Transport Cruises

Antarctic Passenger Rescue Was Slow, Costly and Not Without Glitches

Jan 04, 2014 1:00 pm

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For the passengers, this Antarctic cruise was certainly the story of a lifetime, although it’s good to be flexible because this one didn’t turn out as planned.

— Dennis Schaal

Report: The Rise of the Silent Traveler


In this image provided by Australasian Antarctic Expedition, passengers trapped for more than a week on the icebound Russian research ship MV Akademik Shokalskiyin are rescued by a Chinese helicopter Thursday, Jan. 2, 2014. Associated Press/Australasian Antarctic Expedition. Jessica Fitzpatrick

In this photo provided by China’s official Xinhnua News Agency, the first group of passengers aboard the trapped Russian ship MV Akademik Shokalskiy arrive at a safe surface off the Antarctic Thursday, Jan. 2, 2014. Associated Press/Xinhua. Zhang Jiansong

An Australian icebreaker carrying 52 passengers who were retrieved from an icebound ship in the Antarctic resumed its journey home on Saturday, leaving behind another two icebreakers trapped in pack ice.

The Aurora Australis will continue its interrupted resupply mission to Australia’s Antarctic base Casey Station before returning to the Australian island state of Tasmania in mid-January with the rescued scientists, journalists and tourists.

It had been slowly cracking through thick ice toward open water after a Chinese ship’s helicopter on Thursday plucked the passengers from their stranded Russian research ship and carried them to an ice floe near the Australian ship. But on Friday afternoon, the crew of the Chinese icebreaker that had provided the helicopter said they were worried about their own ship’s ability to move through the ice.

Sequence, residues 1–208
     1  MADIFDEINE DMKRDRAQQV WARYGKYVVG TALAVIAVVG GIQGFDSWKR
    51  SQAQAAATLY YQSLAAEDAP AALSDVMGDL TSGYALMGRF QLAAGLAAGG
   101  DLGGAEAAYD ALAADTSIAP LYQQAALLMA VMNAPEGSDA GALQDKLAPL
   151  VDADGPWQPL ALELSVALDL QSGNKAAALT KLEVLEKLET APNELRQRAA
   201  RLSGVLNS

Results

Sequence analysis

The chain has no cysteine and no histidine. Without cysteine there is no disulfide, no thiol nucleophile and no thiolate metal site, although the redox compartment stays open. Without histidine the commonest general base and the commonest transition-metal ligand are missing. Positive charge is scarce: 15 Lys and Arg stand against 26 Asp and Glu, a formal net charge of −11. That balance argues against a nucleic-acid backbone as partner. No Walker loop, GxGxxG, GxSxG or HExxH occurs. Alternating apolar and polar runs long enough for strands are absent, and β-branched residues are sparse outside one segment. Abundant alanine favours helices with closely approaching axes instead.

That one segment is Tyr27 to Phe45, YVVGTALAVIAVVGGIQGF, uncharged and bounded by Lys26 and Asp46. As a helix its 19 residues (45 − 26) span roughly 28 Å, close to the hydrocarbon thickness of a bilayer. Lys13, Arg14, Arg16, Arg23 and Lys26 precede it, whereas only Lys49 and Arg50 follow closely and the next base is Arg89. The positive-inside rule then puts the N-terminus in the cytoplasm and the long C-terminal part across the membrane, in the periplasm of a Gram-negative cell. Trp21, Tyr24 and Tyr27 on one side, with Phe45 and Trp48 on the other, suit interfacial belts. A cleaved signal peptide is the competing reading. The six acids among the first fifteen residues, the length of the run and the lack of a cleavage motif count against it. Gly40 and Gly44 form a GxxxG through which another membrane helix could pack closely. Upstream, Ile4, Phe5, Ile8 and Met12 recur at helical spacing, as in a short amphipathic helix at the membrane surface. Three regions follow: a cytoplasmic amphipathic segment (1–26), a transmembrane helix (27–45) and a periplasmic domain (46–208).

The Australian Maritime Safety Authority’s Rescue Coordination Centre, which oversaw the rescue, told the Aurora to stay in the area in case help was needed. Under international conventions observed by most countries, ships’ crews are obliged to take part in such rescues and the owners carry the costs.

On Saturday, AMSA said the Aurora was allowed to continue and that the Chinese ship Snow Dragon, or Xue Long in Chinese, was safe and not in need of assistance.

Andrew Peacock, an Australian doctor and photographer who was rescued from the Russian ship, said his fellow passengers had been frustrated by the news Friday that their journey home had been delayed by another potential rescue operation.

“My feeling, and those of others I believe, today is one of relief at finally having a concrete plan for how and when we can return to loved ones, family and friends,” Peacock said in an email from the Aurora.

The Chinese ship remained stuck several kilometers (miles) from the Russian icebreaker Akademik Shokalskiy, from which the passengers were rescued. The Russian ship has been immobile since Christmas Eve.

A reporter for China’s official Xinhua News Agency who is aboard the Snow Dragon, Zhang Jiansong, said an iceberg appeared overnight and blocked the ship’s return route. He said the ship would again try to find a way out, possibly as early as Monday.

Zhang said late Saturday that the 101 crew members on board the vessel were safe and had plenty of supplies.

An Antarctic tourism operator is holding out hope that the Russian icebreaker will be free in time to take 48 sightseers on a cruise of Antarctica’s Ross Sea.

Heritage Expeditions has leased the Akademik Shokalskiy to depart New Zealand for the cruise on Jan. 17.

Heritage Expeditions general manager David Bowen said he would give the ship until Monday to break free from the pack ice before considering “other options.”

The Aurora had offloaded only 70 percent of its cargo at Casey last month before it was diverted to the rescue.

It will now deliver the remaining 30 percent, which includes scientific equipment vital to research projects scheduled to be carried out during the narrow window of the Antarctic summer.

Australian Antarctic Division acting director Jason Mundy said the rescue had stretched resources for the summer research program, which he hoped to recoup from the Russian ship’s insurer.

In addition to the disruption to Australia’s scientific program, the rescue will cost Australian taxpayers 400,000 Australian dollars ($358,000), Environment Minister Greg Hunt’s spokesman John O’Doherty said.

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Associated Press writers Kristen Gelineau in Sydney and Didi Tang in Beijing contributed to this report.

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